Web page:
The meaning and the scope of the word “indebted” used in s.9(1)(b) of the Companies Act, 1965 with particular reference to credit card, housing loan and HP facilities with companies which are related companies of audit client are as follows:
S.9(1)(b) of the Companies Act, 1965 states as follow:
(1) A person shall not knowingly consent to be appointed, and shall not knowingly act, as auditor for any company and shall not prepare, for or on behalf of a company, any report required by this Act to be prepared by an approved company auditor –
(b) if he is indebted to the company or to a corporation that is deemed to be related to that company by virtue of section 6 in an amount not exceeding two thousand five hundred ringgit.
Hereinafter, this provision will be referred to as “the said provision”.
According to The New Shorter Oxford English Dictionary, the word “indebted” carries the meaning “involve in debt”. Besides that, The New Shorter Oxford English Dictionary also stated that “indebted” would mean:
- Under obligation to another on account of some liability incurred or claim unsatisfied; liable for some omission of duty, or in other word, “bound”.
- Under obligation on account of money borrowed; owing money, in debt (to).
- Under obligation for favours received; owing gratitude to (someone or something) for a benefit.
Stroud’s Judicial Dictionary of Words and Phrases (Sixth Edition) provides that “indebted” has a similar meaning to “due”, i.e. presently payable, as in Re Stockton Malleable Iron Company [Chancery Division] 2 Ch D 101, where the Court gave judgment that the word “due” meant due and payable, and the word “indebted” had a similar signification. In this case, it was said that “moneys due” may mean either owing or payable, and what it means is determined by the context.
In Words and Phrases Legally Defined (Third Edition), the word “indebted” is stated to have the same meaning as “owing”, and that the word “indebted” describes the condition of a person when there is a present debt, whether it be payable in present or future, and that the words “all debts owing or accruing” mean the same thing. They describe all debt in present, whether solvent in future, or solvent in present. Future possible debts are not included in this definition. This was adopted from Webb v Stenton and others [1881 – 1885] All ER 312.
In Webb v Stenton and others [1881 – 1885] All ER 312, the word “is indebted” and the words “debts owing or accruing” refer to the same subject matter. There must be an actual present debt, either equitable or legal. The requirements of the rules are satisfied by a present debt, whether payable now or in the future, and that the words include all such debts.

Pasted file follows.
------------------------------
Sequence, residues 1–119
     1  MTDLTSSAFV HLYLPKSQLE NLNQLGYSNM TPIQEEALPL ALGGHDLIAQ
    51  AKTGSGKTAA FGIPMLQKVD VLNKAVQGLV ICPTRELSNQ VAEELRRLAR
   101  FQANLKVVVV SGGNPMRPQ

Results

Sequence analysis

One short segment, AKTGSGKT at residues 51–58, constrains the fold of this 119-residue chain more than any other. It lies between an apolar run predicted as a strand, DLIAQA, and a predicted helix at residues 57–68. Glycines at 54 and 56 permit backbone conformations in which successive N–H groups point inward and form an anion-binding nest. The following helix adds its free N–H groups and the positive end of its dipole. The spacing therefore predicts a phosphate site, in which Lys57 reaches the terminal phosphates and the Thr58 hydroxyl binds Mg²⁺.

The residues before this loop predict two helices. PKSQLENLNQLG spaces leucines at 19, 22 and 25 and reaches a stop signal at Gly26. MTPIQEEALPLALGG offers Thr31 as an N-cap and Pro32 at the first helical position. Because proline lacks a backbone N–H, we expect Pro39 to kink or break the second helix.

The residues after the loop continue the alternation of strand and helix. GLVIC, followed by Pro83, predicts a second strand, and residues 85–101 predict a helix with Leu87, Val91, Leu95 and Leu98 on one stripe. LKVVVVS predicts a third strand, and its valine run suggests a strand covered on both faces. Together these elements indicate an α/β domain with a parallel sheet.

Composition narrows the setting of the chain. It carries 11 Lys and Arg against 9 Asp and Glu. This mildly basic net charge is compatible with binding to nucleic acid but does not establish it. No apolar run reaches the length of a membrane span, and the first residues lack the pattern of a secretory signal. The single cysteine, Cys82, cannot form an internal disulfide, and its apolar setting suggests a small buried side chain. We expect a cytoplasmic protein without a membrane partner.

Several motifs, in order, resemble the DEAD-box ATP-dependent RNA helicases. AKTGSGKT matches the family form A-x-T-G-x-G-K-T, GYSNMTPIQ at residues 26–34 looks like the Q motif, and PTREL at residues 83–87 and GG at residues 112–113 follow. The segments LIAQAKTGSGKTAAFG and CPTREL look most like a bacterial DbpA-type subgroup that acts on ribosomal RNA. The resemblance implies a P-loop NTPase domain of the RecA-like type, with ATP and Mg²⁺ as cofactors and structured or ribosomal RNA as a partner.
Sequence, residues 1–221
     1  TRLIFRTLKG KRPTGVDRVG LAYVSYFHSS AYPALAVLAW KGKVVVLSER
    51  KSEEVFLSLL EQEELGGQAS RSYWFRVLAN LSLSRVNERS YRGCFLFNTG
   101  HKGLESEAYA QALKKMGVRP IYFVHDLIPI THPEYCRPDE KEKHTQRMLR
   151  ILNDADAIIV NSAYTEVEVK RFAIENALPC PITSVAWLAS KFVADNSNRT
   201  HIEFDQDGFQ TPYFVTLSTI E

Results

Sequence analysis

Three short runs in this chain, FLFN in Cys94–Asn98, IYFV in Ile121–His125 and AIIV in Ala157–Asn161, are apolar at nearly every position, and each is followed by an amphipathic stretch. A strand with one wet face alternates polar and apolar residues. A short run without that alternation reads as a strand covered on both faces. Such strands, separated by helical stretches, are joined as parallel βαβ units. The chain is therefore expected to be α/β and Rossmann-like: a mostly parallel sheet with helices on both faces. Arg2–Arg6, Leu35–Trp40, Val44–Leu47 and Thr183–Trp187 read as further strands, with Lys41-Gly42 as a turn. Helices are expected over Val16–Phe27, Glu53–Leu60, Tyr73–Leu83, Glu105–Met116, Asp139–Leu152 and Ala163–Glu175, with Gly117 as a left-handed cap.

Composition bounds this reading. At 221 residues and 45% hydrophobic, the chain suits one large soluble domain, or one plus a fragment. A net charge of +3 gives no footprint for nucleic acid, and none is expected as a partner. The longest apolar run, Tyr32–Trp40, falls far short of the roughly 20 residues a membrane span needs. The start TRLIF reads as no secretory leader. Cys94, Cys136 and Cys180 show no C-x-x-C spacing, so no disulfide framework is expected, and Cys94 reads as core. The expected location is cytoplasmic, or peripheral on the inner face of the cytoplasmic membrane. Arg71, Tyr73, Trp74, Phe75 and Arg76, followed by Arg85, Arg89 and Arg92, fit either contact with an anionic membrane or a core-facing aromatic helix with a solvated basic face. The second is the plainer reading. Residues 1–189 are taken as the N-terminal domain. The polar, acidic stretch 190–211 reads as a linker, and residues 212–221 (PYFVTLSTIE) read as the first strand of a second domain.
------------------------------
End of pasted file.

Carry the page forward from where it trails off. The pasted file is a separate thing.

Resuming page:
The meaning of a present debt, whether payable in the present or in the future would also require the Court to look into the present situation of their case at hand. In this case, since there was clearly no debt payable in the present from the trustees, hence it is in question whether there is going to be debt payable in the future. Fry LJ was of the opinion that in this case, trustees are not equitable debtors until they have money in hand which they are bound to pay over, or until they are made liable for breach of trust, or for default in the performance of their duties as trustees. Since they were under no liability to pay money now, there may be no question of debt in the future as well.
Therefore, in our present context, the words “if he is indebted to the company” would mean if there is an obligation on the auditor to pay debt that is already due, or debt that is presently owing and accruing to the company.
Debt that is not currently due is not included in the meaning of the word “indebted”. Hence, debt that is only going to be owing and accruing in the future would not be included in this context.
Thus, an auditor who is a credit card holder of companies which are related companies of audit clients would not fall within the meaning and scope of the word “indebted” used in the said provision unless there is a debt due and payable by the auditor to the company.
If an auditor has acquired housing loan from the company, and the loan is not yet accruing, then he is not prohibited to act as the auditor of the company.
Similarly, if an auditor is under an obligation to make payment to the company in the form of installments in HP facilities, it is not a prohibition to him to act as the company auditor as well, unless the payment is already due and accruing.